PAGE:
Central America

Para me? Un orden el ceviche mixto, frijoles molidas con queso y papas tostadas, aguacate, y uno agua…This is my go to order here; essentially mixed fish and shrimp ceviche with mashed beans and chips, sliced avocado, and a water. Occassionaly I mix it up by braving a “casado”, or typical lunch, featuring rice and beans, plantains, a salad, and meat of your choosing. The food is amazing here as long as you stick to plant based options as we’ve learned that ranchers sell their best cuts to the united states; shocker, right? But, despite the limited variety of food at the “sodas” (mom and pop restaurants), we’re loving our adventure and new lifestyle!

And, what an adventure it has been. I researched this freakin’ country ad nauseam for months to find the perfect location for my family. As small as this country is however, there’s damn near 30 microclimates and even more variety in cultures. The country is divided into various regions of beaches, valleys, mountains, and forests. Not only does the climate change drastically every few kilometers, but the animals change, the fruits and vegetable options change, the cost of living, transportation needs, internet access, and so on and so on. After six months of extensive research I chose an area of the country I felt I vibed with and then a community I felt fit our lifestyle needs and then narrowed it down to a house I thought was perfect only to find out on our THIRD visit to it that its infested with mold! Ever stayed up all night holding your baby wheezing, gasping for air? Well, I wouldn’t wish that on my worst enemy. The morning after our first night there I said, “Hell no! We’re not moving forward with this home”.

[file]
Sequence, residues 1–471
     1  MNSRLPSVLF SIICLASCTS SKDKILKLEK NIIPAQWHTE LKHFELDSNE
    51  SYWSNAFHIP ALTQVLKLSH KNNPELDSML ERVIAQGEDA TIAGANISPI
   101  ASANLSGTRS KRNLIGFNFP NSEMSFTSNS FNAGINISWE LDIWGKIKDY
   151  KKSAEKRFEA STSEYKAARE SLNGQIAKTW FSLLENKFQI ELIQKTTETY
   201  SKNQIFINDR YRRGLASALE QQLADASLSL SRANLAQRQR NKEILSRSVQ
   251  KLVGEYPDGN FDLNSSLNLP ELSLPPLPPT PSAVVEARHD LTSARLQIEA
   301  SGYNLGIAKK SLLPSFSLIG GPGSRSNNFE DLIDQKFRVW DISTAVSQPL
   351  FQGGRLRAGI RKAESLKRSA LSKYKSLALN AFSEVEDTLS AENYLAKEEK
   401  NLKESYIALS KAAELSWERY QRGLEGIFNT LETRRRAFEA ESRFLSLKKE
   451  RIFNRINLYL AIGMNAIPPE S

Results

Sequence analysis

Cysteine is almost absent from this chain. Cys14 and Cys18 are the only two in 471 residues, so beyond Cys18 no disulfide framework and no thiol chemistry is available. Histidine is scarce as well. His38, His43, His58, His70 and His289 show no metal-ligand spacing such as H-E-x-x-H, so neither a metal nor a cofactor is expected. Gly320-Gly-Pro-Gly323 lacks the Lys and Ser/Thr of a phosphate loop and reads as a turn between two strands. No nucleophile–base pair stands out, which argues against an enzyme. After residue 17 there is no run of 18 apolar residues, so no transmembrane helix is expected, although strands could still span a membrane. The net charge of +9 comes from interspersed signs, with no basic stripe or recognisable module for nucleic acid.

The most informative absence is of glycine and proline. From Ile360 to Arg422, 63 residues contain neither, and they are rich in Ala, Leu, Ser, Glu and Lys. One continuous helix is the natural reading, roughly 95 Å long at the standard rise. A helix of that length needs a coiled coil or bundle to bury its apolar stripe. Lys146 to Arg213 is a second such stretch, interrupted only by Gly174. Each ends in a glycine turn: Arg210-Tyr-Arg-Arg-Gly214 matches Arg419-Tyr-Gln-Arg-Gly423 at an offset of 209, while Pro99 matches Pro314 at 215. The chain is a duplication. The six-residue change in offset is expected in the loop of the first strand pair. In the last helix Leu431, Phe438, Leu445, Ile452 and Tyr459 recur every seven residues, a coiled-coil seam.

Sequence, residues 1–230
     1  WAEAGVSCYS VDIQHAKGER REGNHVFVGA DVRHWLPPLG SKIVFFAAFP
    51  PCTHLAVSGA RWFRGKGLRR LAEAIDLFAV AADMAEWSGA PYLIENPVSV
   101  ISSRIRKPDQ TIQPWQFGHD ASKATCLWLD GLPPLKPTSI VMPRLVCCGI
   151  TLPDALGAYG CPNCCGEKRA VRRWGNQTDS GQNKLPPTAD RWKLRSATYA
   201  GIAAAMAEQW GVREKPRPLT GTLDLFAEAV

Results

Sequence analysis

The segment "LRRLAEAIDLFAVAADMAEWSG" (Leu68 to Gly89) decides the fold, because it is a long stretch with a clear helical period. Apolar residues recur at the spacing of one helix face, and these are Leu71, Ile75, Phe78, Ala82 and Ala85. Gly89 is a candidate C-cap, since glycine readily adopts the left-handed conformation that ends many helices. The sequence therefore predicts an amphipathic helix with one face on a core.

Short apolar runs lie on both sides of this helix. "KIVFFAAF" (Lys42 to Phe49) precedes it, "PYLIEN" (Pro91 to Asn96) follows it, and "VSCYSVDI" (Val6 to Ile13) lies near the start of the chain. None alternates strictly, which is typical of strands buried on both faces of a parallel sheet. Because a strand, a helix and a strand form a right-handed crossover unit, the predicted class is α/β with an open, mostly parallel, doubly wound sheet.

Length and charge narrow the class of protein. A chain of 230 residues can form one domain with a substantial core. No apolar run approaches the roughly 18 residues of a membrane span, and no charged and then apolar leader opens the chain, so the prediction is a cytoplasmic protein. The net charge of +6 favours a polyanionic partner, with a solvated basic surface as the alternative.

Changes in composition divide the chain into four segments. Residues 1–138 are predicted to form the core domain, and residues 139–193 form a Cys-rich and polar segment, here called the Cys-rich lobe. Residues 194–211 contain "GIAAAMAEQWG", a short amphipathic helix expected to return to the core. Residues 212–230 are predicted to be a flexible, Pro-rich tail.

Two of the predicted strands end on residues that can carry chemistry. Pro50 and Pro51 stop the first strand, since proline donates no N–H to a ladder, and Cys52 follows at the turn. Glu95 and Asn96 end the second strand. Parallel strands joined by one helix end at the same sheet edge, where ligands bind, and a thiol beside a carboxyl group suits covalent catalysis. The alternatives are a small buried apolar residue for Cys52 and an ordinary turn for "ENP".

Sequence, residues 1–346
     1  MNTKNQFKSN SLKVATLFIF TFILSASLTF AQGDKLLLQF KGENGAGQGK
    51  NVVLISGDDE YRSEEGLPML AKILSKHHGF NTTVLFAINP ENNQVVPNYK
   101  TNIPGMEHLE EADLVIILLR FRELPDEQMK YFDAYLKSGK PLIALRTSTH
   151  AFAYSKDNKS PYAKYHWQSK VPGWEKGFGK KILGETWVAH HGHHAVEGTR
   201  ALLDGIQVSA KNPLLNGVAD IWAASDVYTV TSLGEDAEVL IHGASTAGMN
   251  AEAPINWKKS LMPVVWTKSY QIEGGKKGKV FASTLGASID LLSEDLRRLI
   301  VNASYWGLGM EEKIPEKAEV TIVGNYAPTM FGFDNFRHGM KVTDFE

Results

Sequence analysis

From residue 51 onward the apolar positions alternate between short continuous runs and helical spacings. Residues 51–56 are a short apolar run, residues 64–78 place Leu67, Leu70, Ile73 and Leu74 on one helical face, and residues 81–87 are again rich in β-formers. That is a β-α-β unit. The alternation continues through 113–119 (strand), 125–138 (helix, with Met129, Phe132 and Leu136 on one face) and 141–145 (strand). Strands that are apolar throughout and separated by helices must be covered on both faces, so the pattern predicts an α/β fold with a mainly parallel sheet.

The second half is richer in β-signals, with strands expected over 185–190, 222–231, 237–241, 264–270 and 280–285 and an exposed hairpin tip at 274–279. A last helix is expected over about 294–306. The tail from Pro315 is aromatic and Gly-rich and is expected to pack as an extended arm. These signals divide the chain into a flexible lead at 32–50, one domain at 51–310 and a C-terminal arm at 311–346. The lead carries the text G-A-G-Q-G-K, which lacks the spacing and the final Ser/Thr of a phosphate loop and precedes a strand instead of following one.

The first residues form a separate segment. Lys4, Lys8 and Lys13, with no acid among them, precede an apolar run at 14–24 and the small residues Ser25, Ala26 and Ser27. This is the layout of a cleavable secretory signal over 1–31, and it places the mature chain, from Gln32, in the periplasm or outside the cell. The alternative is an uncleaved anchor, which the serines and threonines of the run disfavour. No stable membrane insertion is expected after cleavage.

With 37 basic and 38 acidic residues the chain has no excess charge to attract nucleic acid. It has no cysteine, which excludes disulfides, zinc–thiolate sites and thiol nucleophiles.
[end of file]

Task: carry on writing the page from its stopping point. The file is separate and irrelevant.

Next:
The beauty of living in such a tight knit community though is this- I posted on our community app regarding the situation and within minutes a neighbor (whom I’d never even met) invited me over to view her home and offered it up to us for six weeks while she travels abroad. What? Are you kidding me?!  This fairy godmother just literally shook my hand and handed me her keys. That would NEVER happen in the US without lawyers and contracts involved lol.

The home is divine, too! It has amazing airflow, which is crucial in the tropics as most places don’t have AC. The breeze off the river that flows behind the property is surreal and our “yard” is covered with lush grass, tropical trees, and the most exotic plants you’ve ever seen. We can hear howler monkeys in the distance and play “I Spy” a yellow bird in the mornings.